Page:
Thanks for the info... I need all the elements to make a decision. But wanted to clear up that one thing.

  9. #9
    Left The Driveway
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    Quote Originally Posted by dkayak View Post
    I’ll offer an observation on your V6 preference. A V6 will only be strong enough to confidently tow the trailer weight you want if it’s turbocharged. Many (most?) V6 turbos will run higher compression ratios, requiring higher octane.
    Wow. So the turbo 6's won't run on regular gas?
    Thanks for telling me that!!!

  10. #10
    Left The Driveway
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    Quote Originally Posted by NB Canada View Post
    Really not sure what you are asking but I will give you some thoughts of mine

    Rear kitchen and rear living trailers imo tow poorly. Most of the weight is behind the axles. They require lots of tongue weight to compensate for this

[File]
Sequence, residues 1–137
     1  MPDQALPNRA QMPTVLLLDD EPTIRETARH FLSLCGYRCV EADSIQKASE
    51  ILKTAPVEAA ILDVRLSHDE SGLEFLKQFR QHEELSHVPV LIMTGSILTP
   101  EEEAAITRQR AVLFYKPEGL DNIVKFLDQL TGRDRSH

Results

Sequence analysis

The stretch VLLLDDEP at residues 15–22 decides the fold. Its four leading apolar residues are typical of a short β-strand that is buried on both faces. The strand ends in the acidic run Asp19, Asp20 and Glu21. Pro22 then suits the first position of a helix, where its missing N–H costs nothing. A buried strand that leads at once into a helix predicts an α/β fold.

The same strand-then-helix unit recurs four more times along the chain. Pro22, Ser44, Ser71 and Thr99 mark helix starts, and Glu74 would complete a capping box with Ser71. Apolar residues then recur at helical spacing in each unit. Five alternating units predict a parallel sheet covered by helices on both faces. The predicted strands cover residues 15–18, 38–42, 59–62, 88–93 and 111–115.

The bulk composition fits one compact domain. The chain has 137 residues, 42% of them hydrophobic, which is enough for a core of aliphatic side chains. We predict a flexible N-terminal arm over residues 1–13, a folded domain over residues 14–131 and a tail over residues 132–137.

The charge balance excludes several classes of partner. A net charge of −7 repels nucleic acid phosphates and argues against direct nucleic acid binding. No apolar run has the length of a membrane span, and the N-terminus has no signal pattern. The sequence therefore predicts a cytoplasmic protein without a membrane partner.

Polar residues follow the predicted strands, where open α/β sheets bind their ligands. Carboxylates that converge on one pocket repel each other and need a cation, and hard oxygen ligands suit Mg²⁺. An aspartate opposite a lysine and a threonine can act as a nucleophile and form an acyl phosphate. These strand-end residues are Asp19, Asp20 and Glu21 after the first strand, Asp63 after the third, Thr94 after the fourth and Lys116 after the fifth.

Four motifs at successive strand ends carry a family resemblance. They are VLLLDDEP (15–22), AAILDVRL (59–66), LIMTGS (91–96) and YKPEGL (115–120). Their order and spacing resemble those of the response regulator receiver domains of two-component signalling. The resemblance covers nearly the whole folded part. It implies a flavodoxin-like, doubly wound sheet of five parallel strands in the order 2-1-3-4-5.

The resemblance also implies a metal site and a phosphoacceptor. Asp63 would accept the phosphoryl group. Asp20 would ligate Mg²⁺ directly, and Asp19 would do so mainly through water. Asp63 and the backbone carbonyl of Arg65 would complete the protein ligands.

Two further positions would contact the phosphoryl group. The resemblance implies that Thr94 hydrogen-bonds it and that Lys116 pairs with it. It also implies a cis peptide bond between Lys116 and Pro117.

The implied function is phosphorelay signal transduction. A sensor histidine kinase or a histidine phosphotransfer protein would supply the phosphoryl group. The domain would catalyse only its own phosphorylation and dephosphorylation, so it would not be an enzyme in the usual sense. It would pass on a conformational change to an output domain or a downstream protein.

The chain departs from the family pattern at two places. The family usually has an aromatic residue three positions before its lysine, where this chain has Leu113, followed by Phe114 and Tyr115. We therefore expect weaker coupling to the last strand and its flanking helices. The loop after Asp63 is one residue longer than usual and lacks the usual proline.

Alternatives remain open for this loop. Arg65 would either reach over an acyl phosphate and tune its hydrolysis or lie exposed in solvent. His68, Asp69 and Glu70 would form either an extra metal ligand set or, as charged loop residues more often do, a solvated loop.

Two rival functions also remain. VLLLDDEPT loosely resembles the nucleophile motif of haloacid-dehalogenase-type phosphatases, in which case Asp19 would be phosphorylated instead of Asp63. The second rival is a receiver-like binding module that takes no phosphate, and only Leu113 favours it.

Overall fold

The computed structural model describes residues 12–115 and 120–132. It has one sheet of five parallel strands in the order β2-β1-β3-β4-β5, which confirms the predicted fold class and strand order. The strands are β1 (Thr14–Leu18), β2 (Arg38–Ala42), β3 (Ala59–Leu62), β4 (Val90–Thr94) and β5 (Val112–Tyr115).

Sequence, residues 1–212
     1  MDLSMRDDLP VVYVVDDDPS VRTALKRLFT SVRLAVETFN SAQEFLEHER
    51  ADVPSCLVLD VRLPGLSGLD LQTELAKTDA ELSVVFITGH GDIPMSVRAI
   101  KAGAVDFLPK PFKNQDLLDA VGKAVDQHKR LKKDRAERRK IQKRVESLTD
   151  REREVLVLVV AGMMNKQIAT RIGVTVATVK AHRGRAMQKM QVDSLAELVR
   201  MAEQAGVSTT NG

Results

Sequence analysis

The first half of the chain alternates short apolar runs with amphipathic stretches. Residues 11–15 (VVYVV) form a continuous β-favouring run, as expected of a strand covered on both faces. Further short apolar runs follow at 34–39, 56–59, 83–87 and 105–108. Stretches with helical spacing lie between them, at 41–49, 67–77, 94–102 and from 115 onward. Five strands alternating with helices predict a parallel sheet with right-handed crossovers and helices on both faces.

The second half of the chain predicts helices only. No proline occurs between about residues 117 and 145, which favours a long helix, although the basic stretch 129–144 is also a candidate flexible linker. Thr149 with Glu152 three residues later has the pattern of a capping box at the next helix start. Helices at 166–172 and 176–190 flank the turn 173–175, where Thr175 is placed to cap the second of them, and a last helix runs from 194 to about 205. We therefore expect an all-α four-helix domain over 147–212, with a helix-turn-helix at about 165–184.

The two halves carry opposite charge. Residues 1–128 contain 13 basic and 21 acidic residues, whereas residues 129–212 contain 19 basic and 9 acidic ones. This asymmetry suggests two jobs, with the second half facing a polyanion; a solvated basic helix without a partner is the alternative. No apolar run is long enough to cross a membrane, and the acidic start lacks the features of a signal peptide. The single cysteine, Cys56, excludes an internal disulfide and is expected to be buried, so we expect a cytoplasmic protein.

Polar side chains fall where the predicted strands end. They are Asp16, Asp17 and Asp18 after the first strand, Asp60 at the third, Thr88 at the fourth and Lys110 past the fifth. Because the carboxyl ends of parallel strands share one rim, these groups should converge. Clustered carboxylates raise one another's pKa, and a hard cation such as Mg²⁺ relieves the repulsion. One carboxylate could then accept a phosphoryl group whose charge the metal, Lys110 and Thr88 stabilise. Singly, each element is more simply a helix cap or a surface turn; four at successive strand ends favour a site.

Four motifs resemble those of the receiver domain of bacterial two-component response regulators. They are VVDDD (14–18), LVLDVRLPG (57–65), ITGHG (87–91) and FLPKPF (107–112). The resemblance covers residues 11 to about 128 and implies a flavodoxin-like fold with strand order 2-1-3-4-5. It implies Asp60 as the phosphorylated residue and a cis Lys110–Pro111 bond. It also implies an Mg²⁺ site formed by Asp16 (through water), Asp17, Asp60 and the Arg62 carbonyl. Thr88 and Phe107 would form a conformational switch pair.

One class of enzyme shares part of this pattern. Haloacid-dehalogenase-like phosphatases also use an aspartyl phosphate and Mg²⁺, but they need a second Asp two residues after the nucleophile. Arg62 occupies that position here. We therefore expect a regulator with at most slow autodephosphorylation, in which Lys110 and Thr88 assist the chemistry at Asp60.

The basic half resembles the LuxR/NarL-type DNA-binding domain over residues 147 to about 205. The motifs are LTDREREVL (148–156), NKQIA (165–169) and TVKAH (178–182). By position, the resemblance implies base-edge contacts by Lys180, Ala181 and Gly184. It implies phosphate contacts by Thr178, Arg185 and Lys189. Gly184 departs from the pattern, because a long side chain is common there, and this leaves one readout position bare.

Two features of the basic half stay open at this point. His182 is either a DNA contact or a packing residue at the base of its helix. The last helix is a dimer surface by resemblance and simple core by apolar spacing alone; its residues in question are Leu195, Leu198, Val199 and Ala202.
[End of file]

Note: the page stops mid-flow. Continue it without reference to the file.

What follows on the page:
I would guess a proper tongue weight would be above 900 lbs
    The posted weight of 505 will be 640 sitting on the dealers lot btw

    Hitches are not cheap You could always buy your own and install it yourself but the prices being quoted are fairly reasonable for a “quality” hitch with installation

    As far as a tow vehicle if an SUV is the only way you will go is to buy a Tahoe/Yukon or Expedition. Or imported versions of Sequoia or Armada
    I wouldn’t worry about a v6. Do you really drive that much for it to make a difference?
    But of course these vehicles are not cheap
    For what I paid for my bare bones Sierra Crew cab and our VW Golf is less than one of the above vehicles

    But IMO and Cherokee type suv (pathfinder,4 runner) is not a good fit for the trailer you want


    Plus I am a bit confused
    Do you already own this trailer?

    2021 Imagine 2400 BH
    2018 GMC Sierra 4x4 crew
    NB... THANK YOU. Geezzz, I've never heard anyone say that about a rear kitchen! More education for me. I absolutely LOVE the RK. Probably an obvious conclusion to make, but do we need to pack the front bedroom heavier than the we normally would to offset the rear wt?